The Lincoln Plawg - the blog with footnotes

Politics and law from a British perspective (hence Politics LAW BloG): ''People who like this sort of thing...'' as the Great Man said

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Monday, June 16, 2003

The Orwellian war crimes double standard of Uncle Sam: Belgium bad, Spain good

Four legs good, two legs bad.

Take two countries, each of which lays claim to the right to try those accused of international crimes wherever, and by whomever, (allegedly) committed. The first is a miserable surrender monkey who has failed to come to the aid of the Party (preserving the Orwellian analogy just a little longer), and sided with those who did all they could to flout its will. The second is a cheerleader for whom no kick is high enough, nor costume abbreviated enough, to show its loyalty and devotion to said Party (though falling short of doing any of the actual dirty work).

[That's enough analogy. Ed]

The legal systems of both Belgium and Spain - systems supposedly in law, and to a fair degree in fact, operating independently of government - are entertaining war crimes complaints against serving US servicemen: the Belgian case against Gen Tommy Franks [1], the Spanish against Lt Col Philip de Camp [2] and two others.

Belgium is lambasted by Donald Rumsfeld as only he knows how; on Spain, not a dickey-bird: from USG or its hangers-on. Or from anyone else, for that matter.

Out of curiosity, I checked the State Department briefings for the last two or three weeks [3]. There is an item on Spain in the June 13 briefing:

MR. BOUCHER: What's going on in Madrid?

QUESTION: Madrid. That's my question. What's going on in Madrid? Can you give us an update about Under Secretary Bolton's meeting in Madrid on the --

MR. BOUCHER: Oh, that meeting in Madrid. Didn't they put out a statement?.....

Nothing whatsoever to do with his boys with Damoclean dago extradition warrants hanging over them. Boucher was either joshing - not unknown - or he genuinely was unaware of this grave l├Ęse-hyperpouvoir.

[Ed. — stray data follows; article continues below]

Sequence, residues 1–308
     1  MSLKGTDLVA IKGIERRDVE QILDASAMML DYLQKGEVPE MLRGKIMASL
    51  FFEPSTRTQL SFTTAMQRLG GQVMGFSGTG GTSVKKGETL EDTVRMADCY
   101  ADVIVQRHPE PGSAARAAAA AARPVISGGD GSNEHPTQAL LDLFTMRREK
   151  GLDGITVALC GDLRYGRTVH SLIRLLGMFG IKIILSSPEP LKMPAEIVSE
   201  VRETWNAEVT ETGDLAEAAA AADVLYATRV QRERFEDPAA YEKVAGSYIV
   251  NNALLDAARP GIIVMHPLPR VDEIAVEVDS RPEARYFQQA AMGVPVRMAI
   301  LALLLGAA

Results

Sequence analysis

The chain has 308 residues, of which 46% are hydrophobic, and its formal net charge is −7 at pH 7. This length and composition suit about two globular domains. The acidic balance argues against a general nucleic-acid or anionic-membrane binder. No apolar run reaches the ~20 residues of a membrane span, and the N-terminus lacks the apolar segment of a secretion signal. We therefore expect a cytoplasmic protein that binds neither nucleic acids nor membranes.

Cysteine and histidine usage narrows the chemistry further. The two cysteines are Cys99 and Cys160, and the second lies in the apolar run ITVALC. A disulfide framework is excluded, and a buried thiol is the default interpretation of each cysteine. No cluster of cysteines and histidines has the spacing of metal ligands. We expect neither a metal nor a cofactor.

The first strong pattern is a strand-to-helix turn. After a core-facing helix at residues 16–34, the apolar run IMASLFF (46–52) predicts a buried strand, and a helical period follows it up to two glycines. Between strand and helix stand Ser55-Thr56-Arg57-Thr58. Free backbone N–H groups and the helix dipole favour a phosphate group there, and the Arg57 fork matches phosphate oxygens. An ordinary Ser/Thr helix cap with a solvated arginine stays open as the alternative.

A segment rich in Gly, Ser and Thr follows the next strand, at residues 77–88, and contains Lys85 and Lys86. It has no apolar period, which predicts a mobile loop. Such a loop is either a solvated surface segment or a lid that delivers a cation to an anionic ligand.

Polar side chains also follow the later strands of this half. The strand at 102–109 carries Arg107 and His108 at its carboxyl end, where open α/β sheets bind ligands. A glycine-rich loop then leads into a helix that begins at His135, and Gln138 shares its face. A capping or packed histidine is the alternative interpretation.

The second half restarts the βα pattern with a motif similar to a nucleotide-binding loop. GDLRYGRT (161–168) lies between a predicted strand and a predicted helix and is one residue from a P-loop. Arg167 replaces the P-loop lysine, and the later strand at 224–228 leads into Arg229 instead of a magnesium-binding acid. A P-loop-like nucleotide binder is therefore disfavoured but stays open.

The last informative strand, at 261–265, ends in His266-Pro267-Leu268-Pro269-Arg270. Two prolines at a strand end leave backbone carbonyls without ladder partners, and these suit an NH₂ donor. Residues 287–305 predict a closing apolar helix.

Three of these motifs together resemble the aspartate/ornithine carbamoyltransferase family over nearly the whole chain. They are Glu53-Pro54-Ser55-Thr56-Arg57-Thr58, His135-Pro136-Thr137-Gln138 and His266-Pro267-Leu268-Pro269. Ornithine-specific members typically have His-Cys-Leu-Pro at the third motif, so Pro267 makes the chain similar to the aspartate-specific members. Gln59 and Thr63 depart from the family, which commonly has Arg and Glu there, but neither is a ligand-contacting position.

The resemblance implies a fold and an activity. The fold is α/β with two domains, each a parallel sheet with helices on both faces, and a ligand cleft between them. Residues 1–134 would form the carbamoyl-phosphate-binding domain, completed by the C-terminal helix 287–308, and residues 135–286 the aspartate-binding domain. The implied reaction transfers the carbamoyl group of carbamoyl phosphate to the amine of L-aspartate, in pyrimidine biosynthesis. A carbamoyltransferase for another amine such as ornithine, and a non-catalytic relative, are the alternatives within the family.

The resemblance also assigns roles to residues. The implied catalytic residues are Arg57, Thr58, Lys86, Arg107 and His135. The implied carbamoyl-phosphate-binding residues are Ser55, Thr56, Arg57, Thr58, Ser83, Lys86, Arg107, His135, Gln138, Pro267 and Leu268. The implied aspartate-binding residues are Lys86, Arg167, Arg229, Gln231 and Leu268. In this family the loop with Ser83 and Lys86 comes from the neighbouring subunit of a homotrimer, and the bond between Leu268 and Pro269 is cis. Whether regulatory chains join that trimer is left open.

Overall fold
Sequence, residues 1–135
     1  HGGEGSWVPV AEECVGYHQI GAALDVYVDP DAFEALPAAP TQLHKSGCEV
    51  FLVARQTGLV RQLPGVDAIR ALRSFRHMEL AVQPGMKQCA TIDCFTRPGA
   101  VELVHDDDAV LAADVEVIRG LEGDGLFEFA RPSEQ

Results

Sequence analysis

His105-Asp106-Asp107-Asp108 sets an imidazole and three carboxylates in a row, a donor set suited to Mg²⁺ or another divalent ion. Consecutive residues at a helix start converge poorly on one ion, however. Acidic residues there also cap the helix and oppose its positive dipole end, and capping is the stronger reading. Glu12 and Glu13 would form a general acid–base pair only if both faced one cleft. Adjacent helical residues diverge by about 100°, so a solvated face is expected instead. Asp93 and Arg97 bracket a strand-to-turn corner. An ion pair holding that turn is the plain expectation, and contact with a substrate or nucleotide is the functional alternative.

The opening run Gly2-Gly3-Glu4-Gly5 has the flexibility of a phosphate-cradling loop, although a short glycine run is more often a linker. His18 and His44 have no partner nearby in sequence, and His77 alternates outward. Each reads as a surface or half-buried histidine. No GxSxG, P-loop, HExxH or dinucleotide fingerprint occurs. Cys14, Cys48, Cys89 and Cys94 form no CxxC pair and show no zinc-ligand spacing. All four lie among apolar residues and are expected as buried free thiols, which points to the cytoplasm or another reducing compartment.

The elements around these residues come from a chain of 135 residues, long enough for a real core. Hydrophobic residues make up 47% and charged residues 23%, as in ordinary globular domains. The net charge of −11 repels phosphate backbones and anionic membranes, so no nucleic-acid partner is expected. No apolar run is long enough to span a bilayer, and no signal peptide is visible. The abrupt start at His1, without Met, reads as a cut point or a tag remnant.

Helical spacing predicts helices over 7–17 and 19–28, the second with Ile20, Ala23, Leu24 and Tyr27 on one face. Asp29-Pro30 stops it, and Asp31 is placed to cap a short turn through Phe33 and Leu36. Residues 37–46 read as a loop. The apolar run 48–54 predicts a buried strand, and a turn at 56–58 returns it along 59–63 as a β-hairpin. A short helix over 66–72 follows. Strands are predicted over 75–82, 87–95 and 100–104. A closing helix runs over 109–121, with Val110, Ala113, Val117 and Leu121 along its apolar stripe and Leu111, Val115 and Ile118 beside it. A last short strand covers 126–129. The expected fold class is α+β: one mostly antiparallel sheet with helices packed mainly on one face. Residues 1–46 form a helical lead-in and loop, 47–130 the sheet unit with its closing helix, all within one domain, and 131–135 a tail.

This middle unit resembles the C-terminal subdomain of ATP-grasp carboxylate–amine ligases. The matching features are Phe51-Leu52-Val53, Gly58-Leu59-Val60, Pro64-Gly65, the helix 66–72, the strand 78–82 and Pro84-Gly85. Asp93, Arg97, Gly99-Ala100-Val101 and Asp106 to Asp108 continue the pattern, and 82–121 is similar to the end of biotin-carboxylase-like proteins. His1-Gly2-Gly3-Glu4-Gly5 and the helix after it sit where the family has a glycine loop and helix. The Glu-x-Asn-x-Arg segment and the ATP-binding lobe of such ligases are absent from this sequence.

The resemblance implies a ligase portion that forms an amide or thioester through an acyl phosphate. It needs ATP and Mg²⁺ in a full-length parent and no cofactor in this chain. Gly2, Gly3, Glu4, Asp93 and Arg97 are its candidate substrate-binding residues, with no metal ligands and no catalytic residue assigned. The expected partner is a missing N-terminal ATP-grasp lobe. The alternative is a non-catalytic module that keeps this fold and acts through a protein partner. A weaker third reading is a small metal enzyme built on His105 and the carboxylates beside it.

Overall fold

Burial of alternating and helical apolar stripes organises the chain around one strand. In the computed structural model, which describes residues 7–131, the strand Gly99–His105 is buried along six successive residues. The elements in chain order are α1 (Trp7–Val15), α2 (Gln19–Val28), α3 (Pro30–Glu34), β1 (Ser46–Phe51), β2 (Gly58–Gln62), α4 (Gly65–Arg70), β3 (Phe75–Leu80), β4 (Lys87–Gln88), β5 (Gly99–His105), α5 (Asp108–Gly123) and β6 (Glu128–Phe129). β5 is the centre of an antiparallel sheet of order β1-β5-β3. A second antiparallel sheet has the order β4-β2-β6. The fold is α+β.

And, going back to May 21 - the earlier occasion on which the Tommy Franks case was mentioned - crapped on, in fact, there is not the slightest mention of the fact that similar proceedings were under discussion in Spain [3].

Now, Uncle Sam's double standard is, of course, perfectly explicable. What is not is the fact that no hack - even from the lands of the surrender monkeys - seems to have challenged it. Not at any press briefings with US officials where the question might have been on topic; not even in the columns of their own rags. Nowhere (that I can see).

Why not?

More bizarre still that the matter hadn't been pursued with USG, given that the victims of the war crime (if that's what it was) carried out by Lt Col de Camp were both journalists!

Perhaps the farther shores of the JFK assassination nutjob squad might furnish one or two possible rationales. But I'm stumped.

  1. Work back from my piece of June 14

  2. Ditto my piece of June 11. His name also (confusingly) spelt DeCamp. He's still in Iraq on active service, according to AP (June 6).

  3. The DOD is much less organised - Rummy and Wolfie spout at the drop of a hat, and there doesn't seem to be a Richard Boucher. (Wolfie I source here; he and Perle, according to this, are known in the Pentagon as the Kosher Nostra. Both are screamingly ben trovato - but passably amusing, I thought. And Wolfowitz is such a bastard to type...

  4. A spike of wire pieces on May 28 - but the case was previously being considered by the public prosecutor, who must have made contact with USG. Did none of the hacks realise this?

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